Having gotten to know composers I work with regularly, their personal stories an approach has tremendous impact. For example- my most CD release is a live performance of Shulamit Ran's violin concerto which I premiered at Carnegie Hall in 2003. Still, every time I perform it I think back at the time she told me the whole concerto was about her mother, depicting her strength and then the inevitable feeling of loss (her mother being quite ill at the time- she did make the premiere and sadly passed away 3 years ago). Dave Heath, whose works wrote a piece in the memory of Daniel Pearl which involved quite a spiritual journey and even a work called 'Naima" which was an homage to Coltraine. Avner Dorman who found an exhilarating way of combining his love for different genres in music-Baroque to Pop into his own style I find this sort of collaboration very meaningful. Every piece has its own stories and usually as performers we are removed from them, not knowing the circumstances under which the works were written. I think those personal stories pushed my buttons to write my own music.

As a violinist what do you look for in a piece of new music? And what turns you off?

I think that a piece of music should always communicate-whether it's an immediate connection or a longer process. Sounds obvious but I do get turned off when I feel I can't connect. If I am curious about a new piece, I will find a way to relate to it but there needs to be some kind of an instinctive attraction to the sound. When working with composers I always try to push the envelope, look for new sounds but of course it has to come from a place of integrity.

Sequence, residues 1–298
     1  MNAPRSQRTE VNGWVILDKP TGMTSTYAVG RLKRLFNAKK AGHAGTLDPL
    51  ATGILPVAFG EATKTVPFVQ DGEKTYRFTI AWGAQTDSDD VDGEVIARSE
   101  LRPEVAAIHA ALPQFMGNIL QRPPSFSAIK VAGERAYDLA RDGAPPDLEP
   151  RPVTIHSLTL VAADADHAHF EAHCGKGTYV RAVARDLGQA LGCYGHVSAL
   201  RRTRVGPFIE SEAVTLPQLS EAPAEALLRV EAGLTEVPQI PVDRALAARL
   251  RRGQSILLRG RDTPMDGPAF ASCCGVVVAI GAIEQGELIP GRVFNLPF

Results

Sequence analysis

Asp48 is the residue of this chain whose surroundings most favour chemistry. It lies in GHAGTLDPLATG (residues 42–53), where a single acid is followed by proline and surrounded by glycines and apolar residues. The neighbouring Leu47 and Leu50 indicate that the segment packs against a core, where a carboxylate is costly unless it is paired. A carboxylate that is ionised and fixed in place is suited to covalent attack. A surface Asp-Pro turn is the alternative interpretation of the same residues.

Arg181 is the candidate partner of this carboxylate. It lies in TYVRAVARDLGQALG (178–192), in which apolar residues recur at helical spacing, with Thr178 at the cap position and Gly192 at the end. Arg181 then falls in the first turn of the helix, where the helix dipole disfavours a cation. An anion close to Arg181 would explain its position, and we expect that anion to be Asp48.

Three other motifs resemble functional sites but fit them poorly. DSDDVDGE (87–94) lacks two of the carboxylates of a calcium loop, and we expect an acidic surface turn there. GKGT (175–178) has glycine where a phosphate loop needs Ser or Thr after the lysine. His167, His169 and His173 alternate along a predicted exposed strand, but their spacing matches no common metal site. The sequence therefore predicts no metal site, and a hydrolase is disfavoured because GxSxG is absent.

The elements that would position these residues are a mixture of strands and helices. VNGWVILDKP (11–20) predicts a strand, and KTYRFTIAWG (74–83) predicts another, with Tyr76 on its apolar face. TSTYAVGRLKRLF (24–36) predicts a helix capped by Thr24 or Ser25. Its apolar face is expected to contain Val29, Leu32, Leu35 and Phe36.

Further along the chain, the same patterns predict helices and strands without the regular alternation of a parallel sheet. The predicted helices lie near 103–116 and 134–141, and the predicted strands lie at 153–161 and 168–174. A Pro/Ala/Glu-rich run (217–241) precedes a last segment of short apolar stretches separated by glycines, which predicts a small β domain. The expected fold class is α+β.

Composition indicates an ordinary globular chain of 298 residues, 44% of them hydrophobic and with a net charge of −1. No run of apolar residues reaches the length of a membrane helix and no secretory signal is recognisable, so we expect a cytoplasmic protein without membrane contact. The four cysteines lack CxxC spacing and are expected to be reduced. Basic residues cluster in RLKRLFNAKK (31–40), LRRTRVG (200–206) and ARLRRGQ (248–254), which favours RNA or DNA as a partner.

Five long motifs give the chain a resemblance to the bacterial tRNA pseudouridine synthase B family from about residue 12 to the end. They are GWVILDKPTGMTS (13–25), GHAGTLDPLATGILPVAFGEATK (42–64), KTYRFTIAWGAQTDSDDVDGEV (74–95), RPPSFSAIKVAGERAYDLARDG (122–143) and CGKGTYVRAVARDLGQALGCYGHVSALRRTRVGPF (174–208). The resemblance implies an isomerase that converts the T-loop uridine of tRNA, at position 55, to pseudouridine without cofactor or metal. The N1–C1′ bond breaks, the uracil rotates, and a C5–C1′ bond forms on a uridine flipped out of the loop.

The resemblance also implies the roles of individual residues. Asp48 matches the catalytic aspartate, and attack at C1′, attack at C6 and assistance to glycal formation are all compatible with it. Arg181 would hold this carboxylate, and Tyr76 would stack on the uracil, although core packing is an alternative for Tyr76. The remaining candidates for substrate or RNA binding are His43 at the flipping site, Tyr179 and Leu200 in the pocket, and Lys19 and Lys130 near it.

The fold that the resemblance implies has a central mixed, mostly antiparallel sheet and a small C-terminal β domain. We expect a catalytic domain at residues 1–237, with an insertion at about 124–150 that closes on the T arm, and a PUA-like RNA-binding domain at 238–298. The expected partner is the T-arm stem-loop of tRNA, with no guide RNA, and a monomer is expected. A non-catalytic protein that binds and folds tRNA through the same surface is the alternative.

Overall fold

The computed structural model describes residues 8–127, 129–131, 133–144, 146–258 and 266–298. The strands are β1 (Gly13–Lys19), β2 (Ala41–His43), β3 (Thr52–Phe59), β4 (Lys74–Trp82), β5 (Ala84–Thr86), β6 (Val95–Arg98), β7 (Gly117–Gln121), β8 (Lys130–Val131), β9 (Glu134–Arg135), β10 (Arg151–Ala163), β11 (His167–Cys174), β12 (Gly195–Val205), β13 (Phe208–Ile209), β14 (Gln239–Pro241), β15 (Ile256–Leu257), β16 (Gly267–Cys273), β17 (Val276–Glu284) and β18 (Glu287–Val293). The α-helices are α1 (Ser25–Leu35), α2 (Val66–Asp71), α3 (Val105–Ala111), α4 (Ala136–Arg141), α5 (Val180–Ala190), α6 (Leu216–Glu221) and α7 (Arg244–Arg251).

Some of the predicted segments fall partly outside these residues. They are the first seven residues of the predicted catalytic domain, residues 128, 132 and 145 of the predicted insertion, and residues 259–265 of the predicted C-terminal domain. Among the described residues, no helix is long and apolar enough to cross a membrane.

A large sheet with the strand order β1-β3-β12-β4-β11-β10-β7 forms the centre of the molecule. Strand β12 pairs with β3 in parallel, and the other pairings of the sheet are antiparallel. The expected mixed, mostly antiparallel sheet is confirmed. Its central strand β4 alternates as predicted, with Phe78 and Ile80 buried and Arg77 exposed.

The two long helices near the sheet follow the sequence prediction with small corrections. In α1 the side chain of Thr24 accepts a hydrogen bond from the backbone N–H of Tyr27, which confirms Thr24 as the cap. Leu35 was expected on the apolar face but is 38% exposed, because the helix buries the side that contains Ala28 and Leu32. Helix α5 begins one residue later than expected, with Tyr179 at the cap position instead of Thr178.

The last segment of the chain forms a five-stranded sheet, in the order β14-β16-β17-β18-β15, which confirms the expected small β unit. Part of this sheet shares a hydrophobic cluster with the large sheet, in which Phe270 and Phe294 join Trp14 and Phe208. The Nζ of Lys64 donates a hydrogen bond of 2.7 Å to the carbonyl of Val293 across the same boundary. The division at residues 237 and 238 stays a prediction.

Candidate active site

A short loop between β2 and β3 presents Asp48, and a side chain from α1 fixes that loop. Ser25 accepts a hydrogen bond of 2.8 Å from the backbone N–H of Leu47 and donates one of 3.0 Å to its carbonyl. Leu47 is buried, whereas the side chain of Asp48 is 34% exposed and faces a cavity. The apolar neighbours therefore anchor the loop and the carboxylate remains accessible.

Do you commission new work?

Yes, I do-I have been lucky to have orchestra cooperate with me on this, and end up premiering at least one new work a year. In the last few years I have been interested in an umbrella theme of folk music; have done a Ragtimes Suite by John Novacek, a Celtic Concerto by Dave Heath and lots of other ideas in the works!:) I tend to work with composere who are quite familiar with my playing and are open to a collaborative process-lots of give and take, rewriting etc.

What are your plans for the future?

In addition to touring with a lot of standard repertoire the immediate future includes another premiere- "The Runaway Bunny" for violin, narrator and orchestra. It is based on a children's classic, and was written by four time Emmy winner, Glen Roven. I have recorded it for Sony/BMG with the Royal Philharmonic, Brooke Shields Narrrating and am looking forward to performing it with her on April 29th at Carnegie Hall with the American Symphony- the composer will be conducting. This will be a benefit that a foundation I co-founded with Hagai Shaham (The Ilona Feher Foundation) will be putting together for the Schneider Children's Hospital in Israel.

How can people find out more about you?

My web site: http://www.ittaishapira.com and also http://www.feherfoundation.org



Interview by David Bruce © Copyright 2004-2014